Sunday, November 26, 2006

Her Hidden Children: The Rise of Wicca and Paganism in America

by Chas S. Clifton

One of the newest entries to the world of scholarship about the history of Wicca in the United States, Her Hidden Children covers a great deal of territory, with a focus on the development of Wicca in Britain in the late 19th and early 20th centuries, its movement across the Atlantic to the United States, and the early days of American paganism. The Gardners are spotlighted in great detail, as are a variety of others, including Tim Zell and the Church of All Worlds, Aiden Kelly and the New Reformed Orthodox Order of the Golden Dawn, Gleb Botkin and the Church of Aphrodite, and Z Budapest and the Susan B. Anthony Coven No. 1.

One of the book's strengths, and most interesting threads, is the manner in which it details how the people involved were influenced by particular literary works, which are quoted chapter and verse. Also, he discusses at length some of the issues that have long plagued neopaganism regarding the idea of an unbroken line of witches since the Middle Ages, how the words pagan and wicca were derived linguistically, “hereditary” witches, and so on. At the same time, in-depth coverage of certain people, groups, and topics leaves out many of influence in the development of American paganism (e.g., the Alexandrian tradition). Also, despite Clifton's mention of the importance of feminism in the spread of Wicca, I sensed some disdain on his part regarding that camp, which has no place in such a work as this. Regarding end matter: Though the book is well-footnoted and includes a lengthy bibliography, I found the index lacking. All in all, this book was a mixed bag but probably worth a read as a starting point for someone with little knowledge in this area. -Inanna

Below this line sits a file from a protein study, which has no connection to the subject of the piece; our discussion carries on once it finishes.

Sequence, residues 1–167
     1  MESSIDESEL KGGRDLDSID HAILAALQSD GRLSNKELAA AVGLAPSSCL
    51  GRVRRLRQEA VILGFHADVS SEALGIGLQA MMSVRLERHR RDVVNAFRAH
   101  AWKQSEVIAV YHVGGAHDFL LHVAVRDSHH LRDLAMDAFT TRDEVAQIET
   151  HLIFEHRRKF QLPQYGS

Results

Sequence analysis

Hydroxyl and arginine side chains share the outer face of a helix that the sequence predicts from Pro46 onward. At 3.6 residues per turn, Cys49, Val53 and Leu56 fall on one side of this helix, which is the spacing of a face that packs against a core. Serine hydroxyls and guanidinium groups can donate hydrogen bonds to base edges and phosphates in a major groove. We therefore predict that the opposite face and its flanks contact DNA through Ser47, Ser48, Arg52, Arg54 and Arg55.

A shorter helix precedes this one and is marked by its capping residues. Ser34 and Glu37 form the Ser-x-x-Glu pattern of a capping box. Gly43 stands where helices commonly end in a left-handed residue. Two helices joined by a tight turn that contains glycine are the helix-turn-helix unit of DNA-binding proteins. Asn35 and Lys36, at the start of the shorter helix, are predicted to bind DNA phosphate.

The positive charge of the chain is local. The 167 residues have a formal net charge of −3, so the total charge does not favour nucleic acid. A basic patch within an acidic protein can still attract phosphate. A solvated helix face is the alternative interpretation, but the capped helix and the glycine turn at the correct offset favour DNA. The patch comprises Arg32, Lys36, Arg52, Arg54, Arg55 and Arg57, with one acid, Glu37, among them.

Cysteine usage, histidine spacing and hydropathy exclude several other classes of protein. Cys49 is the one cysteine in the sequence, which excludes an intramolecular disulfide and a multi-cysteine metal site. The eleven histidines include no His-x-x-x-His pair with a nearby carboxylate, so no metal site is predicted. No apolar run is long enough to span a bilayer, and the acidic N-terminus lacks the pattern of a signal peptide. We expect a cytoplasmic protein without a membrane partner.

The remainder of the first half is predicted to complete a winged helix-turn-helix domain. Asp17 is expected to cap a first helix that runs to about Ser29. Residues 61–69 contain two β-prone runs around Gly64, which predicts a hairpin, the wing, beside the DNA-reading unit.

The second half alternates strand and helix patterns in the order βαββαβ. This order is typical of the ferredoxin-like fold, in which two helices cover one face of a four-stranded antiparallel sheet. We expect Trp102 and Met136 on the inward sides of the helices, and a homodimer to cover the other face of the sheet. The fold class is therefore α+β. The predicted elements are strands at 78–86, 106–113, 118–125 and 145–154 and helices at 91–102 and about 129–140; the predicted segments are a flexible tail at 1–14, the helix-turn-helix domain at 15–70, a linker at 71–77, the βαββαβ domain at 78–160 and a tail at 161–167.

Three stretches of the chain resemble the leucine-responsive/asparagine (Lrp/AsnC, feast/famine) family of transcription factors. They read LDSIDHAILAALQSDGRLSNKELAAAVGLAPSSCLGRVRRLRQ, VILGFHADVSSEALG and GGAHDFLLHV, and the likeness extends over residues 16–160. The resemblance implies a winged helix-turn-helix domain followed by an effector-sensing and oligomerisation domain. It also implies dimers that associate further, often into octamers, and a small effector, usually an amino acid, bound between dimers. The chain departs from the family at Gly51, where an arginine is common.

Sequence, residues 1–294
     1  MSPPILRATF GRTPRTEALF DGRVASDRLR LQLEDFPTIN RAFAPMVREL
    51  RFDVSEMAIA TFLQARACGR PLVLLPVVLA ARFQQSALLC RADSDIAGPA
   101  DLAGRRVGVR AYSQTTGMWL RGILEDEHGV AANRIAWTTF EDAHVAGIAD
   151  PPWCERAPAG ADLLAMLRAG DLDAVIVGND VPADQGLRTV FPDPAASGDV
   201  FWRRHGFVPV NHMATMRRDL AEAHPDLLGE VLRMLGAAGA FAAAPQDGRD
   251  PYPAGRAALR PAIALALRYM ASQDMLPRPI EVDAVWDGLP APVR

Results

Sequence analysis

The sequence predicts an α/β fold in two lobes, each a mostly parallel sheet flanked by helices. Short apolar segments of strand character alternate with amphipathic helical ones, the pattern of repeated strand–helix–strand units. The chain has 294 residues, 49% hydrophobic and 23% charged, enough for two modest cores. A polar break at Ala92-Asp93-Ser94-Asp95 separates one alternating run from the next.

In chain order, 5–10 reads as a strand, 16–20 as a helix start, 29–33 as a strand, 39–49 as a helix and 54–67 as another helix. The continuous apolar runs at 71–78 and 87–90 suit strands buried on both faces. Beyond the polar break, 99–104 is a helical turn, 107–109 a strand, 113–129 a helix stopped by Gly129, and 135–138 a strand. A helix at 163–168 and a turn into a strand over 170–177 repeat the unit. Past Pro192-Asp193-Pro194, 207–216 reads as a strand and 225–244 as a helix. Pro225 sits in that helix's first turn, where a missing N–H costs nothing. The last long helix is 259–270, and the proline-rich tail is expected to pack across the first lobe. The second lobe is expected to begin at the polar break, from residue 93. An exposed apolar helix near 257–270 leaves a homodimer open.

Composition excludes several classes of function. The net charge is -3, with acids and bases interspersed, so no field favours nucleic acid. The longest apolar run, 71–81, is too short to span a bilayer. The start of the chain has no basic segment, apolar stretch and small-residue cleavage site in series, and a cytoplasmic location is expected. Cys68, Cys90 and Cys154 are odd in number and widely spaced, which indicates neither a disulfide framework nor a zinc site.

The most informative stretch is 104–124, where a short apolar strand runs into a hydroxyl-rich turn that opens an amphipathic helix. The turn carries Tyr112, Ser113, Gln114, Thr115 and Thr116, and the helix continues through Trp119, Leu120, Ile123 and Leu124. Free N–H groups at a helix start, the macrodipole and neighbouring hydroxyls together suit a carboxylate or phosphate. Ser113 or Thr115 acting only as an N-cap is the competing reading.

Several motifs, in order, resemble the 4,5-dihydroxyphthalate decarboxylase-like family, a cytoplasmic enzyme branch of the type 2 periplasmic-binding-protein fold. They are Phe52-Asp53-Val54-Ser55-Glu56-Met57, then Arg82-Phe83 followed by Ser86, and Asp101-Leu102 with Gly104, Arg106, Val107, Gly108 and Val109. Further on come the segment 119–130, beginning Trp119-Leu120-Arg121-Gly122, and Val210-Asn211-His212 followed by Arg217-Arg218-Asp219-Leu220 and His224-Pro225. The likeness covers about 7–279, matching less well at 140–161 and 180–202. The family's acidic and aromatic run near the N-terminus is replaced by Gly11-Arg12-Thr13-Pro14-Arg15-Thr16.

1 comment:

  1. But my production editor thought the index was grand! :-)

    As for feminist craft, others have done the job better, e.g., Jone Salomonsen, and I leave it them.

    Thanks for the review.